Back in 1907, Congress enacted the Tillman Act, which made illegal for any corporation to contribute to a federal election campaign. This law remains on the books and was not overturned. Over previous decades however, various free-speech restrictions for corporate entities and unions have been passed. In particular, one entity the laws sought to restrain the speech of was the National Rifle Association. This was very hypocritical because a major law doing this that was passed in 2002, while banning independent political expenditures by corporations (i.e. NRA) and unions, it allowed a loophole for media organizations. So basically the likes of MSNBC, the New York Times, etc…could spend all the money they wanted speaking against guns while the NRA would be outlawed from defending the pro-gun viewpoint. The politicians who passed this essentially wanted to censor the NRA.

        The NRA fought back however. Its first case, McConnel v. Federal Election Commission. This case was lost 5-4, but it laid bare what the free speech restrictions were actually about, as it showed that the campaign finance laws were really about shutting down the ability of certain factions to criticize politicians. The Citizens United case came in 2008. It was about the fact that during the 2008 primary elections, the group Citizens United wanted to pay for the cable television airing of a documentary it had produced about then Senator Hillary Clinton. The FEC refused to allow the documentary (which was highly critical of Clinton) to air.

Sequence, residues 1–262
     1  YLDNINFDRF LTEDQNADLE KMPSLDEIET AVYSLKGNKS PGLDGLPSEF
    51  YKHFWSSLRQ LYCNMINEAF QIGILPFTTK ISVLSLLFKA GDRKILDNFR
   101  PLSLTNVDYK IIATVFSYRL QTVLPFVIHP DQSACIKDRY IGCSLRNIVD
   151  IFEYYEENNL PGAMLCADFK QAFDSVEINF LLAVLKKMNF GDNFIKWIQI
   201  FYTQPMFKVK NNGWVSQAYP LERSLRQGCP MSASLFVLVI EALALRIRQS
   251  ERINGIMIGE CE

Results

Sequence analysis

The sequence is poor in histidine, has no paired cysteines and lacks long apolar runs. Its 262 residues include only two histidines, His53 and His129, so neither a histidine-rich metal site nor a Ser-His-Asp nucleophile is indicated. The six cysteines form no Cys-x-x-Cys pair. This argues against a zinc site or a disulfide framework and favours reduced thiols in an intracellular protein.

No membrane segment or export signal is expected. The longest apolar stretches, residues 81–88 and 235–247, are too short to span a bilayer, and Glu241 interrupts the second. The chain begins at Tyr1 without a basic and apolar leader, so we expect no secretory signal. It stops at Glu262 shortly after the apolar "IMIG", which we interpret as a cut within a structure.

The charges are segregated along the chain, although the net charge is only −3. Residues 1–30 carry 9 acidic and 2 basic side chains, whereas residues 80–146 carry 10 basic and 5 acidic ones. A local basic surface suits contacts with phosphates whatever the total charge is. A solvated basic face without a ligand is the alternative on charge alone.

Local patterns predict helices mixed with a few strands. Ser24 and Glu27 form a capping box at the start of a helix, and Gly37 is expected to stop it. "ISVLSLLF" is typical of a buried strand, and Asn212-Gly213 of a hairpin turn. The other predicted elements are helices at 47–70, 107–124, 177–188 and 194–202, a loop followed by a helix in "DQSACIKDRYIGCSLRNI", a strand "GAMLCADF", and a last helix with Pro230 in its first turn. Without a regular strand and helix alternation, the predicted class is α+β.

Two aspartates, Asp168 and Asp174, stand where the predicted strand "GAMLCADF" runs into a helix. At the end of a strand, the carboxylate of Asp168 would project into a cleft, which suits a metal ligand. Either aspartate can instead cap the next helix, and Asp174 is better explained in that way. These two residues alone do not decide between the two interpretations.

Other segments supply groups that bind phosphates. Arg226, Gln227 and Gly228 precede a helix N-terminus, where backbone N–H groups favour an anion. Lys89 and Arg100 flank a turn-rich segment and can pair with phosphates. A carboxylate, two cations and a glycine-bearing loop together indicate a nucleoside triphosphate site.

At first, the issue was whether the showing of a movie via on-demand cable constituted “broadcasting” under the law. But then the Obama administration made the argument that under the law, the federal government had the authority to prohibit corporate or union pre-election speech in any media, including published books. And they were correct on this. The law did allow for essentially unlimited censorship. So in 2010, the Supreme Court ruled the law unconstitutional in a 5-4 decision. Corporations (which are not just for-profit businesses, but include charities and civil rights groups as well) and unions cannot be put under censorship during political campaigns. That is the unlimited spending in political campaigns Citizens United allows for.

        What is scary is that if John Kerry had won in 2004, he would likely have appointed left-leaning justices to the Court that probably would have turned Citizens United into a 6-3 win for censorship, as opposed to the 5-4 decision against it that it was.

        And judicial activism is not a meaningless expression. It refers to the repeated practice of justices ignoring what the Constitution actually says if they don’t like it. The Right-wing argue that this happens from the left-wing justices in particular, but one can argue it really happens from justices of both sides.